Sustained ventricular tachycardia has been rarely reported following ASA and only few reports have described it as an early post-procedural complication.There is the hypothesis that the early post-procedural period can be compared to the same period after acute myocardial infarction, and the development of sustained ventricular arrhythmias after the ASA is not as rare as was thought before. It seems to be likely that a lower dose of alcohol with the minimising of the resulting necrosis (scar) is unable to entirely eliminate either occurrence of ventricular arrhythmias that are dependent on disorganised cellular architecture of myocardium or serious conduction abnormalities.

Still, some uncertainty persists regarding the ICD indication for the prevention of sudden death in patients with post-procedural sustained ventricular arrhythmias, and no data are available regarding their predictive power. Nevertheless, based on both our clinical experience (and lack of scientific evidence), we do not consider early post-procedural ventricular arrhythmias to be a sufficient justification per se for an ICD implantation. A serious complication of ASA is a leakage of ethanol from the target septal branch into the left anterior descending artery. This potentially fatal complication is avoided by the use of a slightly over-sized angioplasty balloon catheter and a very careful septal branch angiography that precedes alcohol ablation. Additionally, the slow administration of alcohol per fractions and septal branch occlusion for 5 minutes after the last alcohol injection ensure the safe course of the procedure.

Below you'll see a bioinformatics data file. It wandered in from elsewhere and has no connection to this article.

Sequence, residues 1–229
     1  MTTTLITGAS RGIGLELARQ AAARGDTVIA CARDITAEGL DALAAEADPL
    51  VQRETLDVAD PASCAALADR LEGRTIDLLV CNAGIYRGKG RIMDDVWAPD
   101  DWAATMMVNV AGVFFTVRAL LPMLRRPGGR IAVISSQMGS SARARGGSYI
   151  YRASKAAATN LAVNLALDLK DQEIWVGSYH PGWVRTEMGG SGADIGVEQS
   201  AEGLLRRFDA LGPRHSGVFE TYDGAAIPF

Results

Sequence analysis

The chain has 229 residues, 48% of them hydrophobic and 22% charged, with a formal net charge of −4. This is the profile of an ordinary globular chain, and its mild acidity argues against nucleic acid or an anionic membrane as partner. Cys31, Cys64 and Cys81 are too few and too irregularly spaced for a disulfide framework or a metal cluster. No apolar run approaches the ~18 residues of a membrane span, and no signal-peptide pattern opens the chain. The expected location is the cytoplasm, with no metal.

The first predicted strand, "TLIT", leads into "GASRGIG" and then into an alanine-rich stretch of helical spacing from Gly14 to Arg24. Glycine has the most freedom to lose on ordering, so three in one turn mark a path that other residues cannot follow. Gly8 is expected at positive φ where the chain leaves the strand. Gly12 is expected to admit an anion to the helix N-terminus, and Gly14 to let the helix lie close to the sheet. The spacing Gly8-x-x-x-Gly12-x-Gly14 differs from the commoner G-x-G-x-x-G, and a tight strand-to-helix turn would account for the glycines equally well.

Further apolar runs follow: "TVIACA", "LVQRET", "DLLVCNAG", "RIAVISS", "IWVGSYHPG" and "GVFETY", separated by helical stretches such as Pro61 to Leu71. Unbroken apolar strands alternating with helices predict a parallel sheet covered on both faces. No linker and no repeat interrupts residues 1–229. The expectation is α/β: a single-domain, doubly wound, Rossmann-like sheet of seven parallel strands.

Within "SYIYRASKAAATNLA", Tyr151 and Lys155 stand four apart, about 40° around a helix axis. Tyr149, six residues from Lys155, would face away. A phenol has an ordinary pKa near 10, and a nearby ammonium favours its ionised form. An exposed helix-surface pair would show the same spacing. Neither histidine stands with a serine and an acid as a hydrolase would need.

Theoretically, the potential risk of ventricular septal rupture following ASA should be considered. Surprisingly, this serious complication is probably very rare, although it is possible that it is underreported in the literature.


ASA has not been subjected to many randomised clinical trials. However, observational data from European and US centres over a 16-year follow-up are consistent, attributing a number of favourable effects to ASA that generally parallel that of surgery, including gradual and progressive reduction in outflow gradient over 3 to 12 months and alleviation of symptoms. The most important finding after ASA is an impressive symptomatic improvement during both short- and long-term follow-up that is consistently reported by all groups dealing with ASA. The mean functional class improved very significantly from NYHA 2.5-3 to 1.2-1.6. Similarly, objective measurements showed an increase in exercise capacity and peak oxygen consumption.